Don't join any of these group ISIS, Al Qaida, Al Shabab and Boko haram these are human traffickers

Tuesday, August 23, 2011

Is human trafficking outpacing drugs?

21st August 2011

EAC Deputy Secretary General in charge of political federation, Ms Beatrice Kiraso

For slightly over a decade, human trafficking has eclipsed drugs as the world’s most profitable illegal business. Yet, it rarely attracts media attention save for a few dramatic cases when women are sold into prostitution rings and children forced into equally illegal activities.
According to reports from Mexico alone, human trafficking last year accounted for a whopping $6.6 billion. Furthermore, conservative estimates indicated that over 100,000 women were trafficked out of Latin America annually for the purpose of prostitution, mostly to the United States.
Addressing Police Chiefs from the East African Community (EAC) partner states early this month, the EAC Deputy Secretary General in charge of political federation, Ms Beatrice Kiraso, warned that East Africa “was fast becoming a transit route for human trafficking and drugs” and called for concerted regional efforts to combat the two rising crimes.
Ms Kiraso, and indeed any government, has every reason to worry about the two global social pandemics. Human trafficking is the equivalent of modern day slavery while drugs chain mostly the youths to health-wrecking addiction and dependency on narcotics simply because someone somewhere makes ill gotten profit.
“The human and drug trafficking does not augur well for our region if we are to attract more tourists and investments,’’ Ms Kiraso was quoted by the media as telling the region’s Chiefs of Police. I like to believe she was somehow quoted out of context.
If the only reason for the region to combat human and drug trafficking is because we want to look “presentable to tourists and investments,” then we are missing the point. The two crimes are grossly unacceptable because they are an affront to all manner and forms of civilized conduct and the self esteem of any people.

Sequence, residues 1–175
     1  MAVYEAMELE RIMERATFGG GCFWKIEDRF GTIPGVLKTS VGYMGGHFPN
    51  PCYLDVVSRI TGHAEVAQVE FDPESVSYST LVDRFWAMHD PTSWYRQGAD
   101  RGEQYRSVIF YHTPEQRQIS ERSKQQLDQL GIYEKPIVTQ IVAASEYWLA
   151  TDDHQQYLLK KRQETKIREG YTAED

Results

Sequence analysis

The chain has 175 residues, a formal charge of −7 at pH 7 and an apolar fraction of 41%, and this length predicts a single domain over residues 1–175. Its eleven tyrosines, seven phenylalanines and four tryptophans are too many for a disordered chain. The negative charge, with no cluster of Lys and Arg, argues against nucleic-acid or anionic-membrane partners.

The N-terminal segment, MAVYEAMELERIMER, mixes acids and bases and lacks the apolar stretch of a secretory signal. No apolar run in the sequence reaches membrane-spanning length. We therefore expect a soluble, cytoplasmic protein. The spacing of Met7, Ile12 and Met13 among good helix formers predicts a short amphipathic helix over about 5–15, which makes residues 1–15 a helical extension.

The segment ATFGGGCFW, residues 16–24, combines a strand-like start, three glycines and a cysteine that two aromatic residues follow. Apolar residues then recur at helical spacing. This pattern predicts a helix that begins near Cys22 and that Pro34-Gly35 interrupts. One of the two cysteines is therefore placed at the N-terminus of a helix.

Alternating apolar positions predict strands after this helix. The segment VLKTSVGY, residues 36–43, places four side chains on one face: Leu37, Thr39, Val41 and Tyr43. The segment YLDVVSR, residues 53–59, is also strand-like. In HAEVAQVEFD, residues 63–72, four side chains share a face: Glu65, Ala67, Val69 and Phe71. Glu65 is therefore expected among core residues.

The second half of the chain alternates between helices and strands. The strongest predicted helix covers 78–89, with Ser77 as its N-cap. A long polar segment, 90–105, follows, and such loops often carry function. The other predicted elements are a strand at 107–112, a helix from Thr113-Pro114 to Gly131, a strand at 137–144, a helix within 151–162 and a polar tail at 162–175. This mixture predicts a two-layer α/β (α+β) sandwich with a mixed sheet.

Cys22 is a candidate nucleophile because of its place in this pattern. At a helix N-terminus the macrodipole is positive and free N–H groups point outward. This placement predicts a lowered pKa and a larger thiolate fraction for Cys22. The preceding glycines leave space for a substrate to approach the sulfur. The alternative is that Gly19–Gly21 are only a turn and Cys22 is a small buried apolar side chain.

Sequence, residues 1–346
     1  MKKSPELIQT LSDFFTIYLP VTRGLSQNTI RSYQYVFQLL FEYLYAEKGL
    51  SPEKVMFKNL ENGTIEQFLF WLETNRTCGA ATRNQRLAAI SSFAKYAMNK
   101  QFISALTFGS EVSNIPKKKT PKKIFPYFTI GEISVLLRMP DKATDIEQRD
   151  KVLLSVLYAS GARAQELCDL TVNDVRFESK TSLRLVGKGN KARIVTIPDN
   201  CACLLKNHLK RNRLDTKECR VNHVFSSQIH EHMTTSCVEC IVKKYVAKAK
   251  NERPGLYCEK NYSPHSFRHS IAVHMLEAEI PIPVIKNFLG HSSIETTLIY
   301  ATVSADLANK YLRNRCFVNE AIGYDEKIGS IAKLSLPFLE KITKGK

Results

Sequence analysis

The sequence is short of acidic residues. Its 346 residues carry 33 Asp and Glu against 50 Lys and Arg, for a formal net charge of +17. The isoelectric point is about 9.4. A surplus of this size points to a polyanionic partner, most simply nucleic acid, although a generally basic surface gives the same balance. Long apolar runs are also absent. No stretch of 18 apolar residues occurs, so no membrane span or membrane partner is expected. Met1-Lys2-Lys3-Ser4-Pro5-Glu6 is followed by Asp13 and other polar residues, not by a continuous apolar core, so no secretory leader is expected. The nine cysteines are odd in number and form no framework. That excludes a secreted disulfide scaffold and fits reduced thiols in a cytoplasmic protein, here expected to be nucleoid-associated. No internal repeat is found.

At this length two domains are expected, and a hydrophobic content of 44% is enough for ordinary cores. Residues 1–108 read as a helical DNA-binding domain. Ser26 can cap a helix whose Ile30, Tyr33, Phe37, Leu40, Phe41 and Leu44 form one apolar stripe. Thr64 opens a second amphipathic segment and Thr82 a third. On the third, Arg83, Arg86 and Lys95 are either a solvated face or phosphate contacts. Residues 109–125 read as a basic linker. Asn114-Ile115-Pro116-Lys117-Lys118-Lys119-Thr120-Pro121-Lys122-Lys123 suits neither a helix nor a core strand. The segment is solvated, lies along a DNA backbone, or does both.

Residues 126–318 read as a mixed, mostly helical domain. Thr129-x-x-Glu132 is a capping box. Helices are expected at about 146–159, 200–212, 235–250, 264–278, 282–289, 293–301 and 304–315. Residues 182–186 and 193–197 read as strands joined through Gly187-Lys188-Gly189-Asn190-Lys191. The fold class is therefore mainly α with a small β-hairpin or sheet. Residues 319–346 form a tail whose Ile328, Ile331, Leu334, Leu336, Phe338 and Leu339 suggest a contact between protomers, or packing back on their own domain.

For greater clarity, I will mostly discuss human trafficking because the two subjects are quite broad and may not be adequately treated if approached on a frontal scale. It becomes all the more prudent because human trafficking is probably one of the most misunderstood concepts in East Africa both in social and law enforcement circles.
The United States has been releasing annually what it terms as the Trafficking in Persons Report (TIP). Launching this year’s TIP in Washington last June, the US Secretary of State, Ms Hilary Clinton stated:
"Every year, we come together to release this report, to take stock of our progress, to make suggestions, and to refine our methods. Today, (June 27), we are releasing a new report that ranks 184 countries, including our own.
One of the innovations when I became Secretary was we were going to also analyse and rank ourselves, because I don’t think it’s fair for us to rank others if we don’t look hard at who we are and what we’re doing.”
I have selected a few lines from that report on what it says about Kenya, Rwanda, Tanzania and Uganda for our people to see where we stand, internally and externally, in the fight against human trafficking, a crime for which governments agreed, as long ago as 1904, to work together to prevent what was then termed as the “white slave traffic.”